Commodities | Jan 18 2018
As oil prices show resilience above US$60/bbl several brokers are confident that 2018 will be a more positive year for the energy sector.
-Asian LNG demand to be a key feature of 2018
-Production growth should lead to a more balanced market in 2019/20
-Investors now appear more willing to pay for risk
By Eva Brocklehurst
Deutsche Bank enters 2018 constructive about the potential for the oil sector. The broker's positive tone reflects a view that, after three challenging years, major oil and gas companies have re-positioned businesses to work in a US$50/bbl environment and the cash flow from projects will start to accelerate.
The broker expects Asian LNG demand to be a feature of 2018. The improved outlook emerging in the Pacific Basin is, in part, driven by seasonal factors but also reflects wider structural changes, particularly in China.
Deutsche Bank believes this will be a transition year for LNG, moving to a seller's market from a buyer's market and potentially bringing forward from 2023-24 the commonly-accepted inflection point where demand overtakes supply.
Sector analysts at Extreme Petroleum Technology are not so enthusiastic and suggest Saudi Arabia is draining US crude inventory to manipulate the higher price of oil and the market should not get too comfortable with West Texas Intermediate in the mid US$60 price range.
When OPEC meets in June production cuts are likely to end and another downturn in prices ensue as the market re-establishes stability. Demand may be trending higher but so is US shale production, and the analysts at Extreme Petroleum Technology suggests these trends should be watched carefully.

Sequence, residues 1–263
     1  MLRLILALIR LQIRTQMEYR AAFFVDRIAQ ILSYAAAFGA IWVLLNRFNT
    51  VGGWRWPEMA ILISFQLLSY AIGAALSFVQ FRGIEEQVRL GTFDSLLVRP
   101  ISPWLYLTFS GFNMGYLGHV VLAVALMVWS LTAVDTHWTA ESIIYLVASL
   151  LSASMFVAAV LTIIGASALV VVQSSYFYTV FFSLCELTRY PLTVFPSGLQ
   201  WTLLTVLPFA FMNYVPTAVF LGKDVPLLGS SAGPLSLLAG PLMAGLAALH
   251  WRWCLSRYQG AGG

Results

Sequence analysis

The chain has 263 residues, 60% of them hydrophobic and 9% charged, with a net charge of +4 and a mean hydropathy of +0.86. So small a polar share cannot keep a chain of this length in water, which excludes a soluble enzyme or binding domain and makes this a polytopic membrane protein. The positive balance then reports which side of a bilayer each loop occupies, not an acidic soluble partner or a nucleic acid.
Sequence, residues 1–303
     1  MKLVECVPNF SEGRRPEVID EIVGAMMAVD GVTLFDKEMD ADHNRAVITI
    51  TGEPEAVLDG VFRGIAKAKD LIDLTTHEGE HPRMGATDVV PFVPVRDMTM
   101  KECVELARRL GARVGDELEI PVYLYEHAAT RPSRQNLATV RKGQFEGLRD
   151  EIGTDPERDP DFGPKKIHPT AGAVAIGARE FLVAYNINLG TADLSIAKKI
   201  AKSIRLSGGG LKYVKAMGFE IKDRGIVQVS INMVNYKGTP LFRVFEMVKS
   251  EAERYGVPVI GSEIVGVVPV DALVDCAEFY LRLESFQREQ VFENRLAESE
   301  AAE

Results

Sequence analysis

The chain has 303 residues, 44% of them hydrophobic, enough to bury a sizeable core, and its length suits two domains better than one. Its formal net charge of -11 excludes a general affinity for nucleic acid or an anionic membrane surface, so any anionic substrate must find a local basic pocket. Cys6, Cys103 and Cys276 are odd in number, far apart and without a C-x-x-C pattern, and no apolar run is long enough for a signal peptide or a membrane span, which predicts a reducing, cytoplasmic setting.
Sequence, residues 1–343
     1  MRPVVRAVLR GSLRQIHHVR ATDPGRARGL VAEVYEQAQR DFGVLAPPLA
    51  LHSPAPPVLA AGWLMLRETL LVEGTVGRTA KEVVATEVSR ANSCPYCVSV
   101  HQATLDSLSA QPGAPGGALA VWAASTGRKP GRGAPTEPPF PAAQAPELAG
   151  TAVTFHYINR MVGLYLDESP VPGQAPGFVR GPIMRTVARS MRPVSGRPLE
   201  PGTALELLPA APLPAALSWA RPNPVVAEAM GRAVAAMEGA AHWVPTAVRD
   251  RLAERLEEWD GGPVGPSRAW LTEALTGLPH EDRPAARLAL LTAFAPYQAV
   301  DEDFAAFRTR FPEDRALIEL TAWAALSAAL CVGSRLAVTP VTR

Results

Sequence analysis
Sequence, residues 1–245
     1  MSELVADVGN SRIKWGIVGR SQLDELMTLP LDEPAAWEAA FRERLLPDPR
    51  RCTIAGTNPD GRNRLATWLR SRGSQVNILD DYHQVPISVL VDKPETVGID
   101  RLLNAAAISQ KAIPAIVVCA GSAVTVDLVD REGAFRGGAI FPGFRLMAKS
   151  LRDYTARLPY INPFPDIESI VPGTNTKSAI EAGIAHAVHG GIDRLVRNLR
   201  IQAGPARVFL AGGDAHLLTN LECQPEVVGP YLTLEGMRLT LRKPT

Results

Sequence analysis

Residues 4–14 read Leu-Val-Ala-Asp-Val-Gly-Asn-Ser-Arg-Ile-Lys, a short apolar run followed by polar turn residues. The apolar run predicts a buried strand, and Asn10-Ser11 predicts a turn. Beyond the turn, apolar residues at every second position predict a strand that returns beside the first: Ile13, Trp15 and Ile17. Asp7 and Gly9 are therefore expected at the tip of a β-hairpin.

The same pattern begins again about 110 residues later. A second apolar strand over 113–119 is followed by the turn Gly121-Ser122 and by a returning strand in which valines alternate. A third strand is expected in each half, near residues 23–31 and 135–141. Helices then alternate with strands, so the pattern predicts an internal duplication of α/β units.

Morgan Stanley, on the other hand, suggests the oil market is likely to be undersupplied in 2018 and prices should remain resilient this year. The broker asserts that financial flows matter and the return prospects from oil futures are sharply improved with a market in backwardation.
Brent, WTI and Dubai futures all moved into backwardation late last year (further out futures are higher priced) and this curve has become steeper subsequently. Backwardation is likely to remain intact in the Brent and WTI curves and this, Morgan Stanley believes, will attract capital into oil futures and drive the price higher.
While oil prices have rallied beyond levels required for long-term supply/demand matching, and a correction is certainly possible at some point, Morgan Stanley believes prices will be higher towards the end of the year than they are today. The broker raises its Brent oil price forecast for the September quarter to US$75/bbl.
Oil prices in line with forecasts should drive an acceleration of production growth, particular from US shale, and this should lead to a more balanced market in 2019/20. The broker expects oil prices in those years in line with long run marginal costs, at around US$65/bbl.
As oil prices have recovered much faster than most analysts expected, UBS anticipates significant improvements to broker price targets and estimates for earnings per share. OPEC is expected to be successful in bringing oil inventories back to 5-year averages this year, although a re-balanced inventory will make oil more susceptible to geopolitical effects.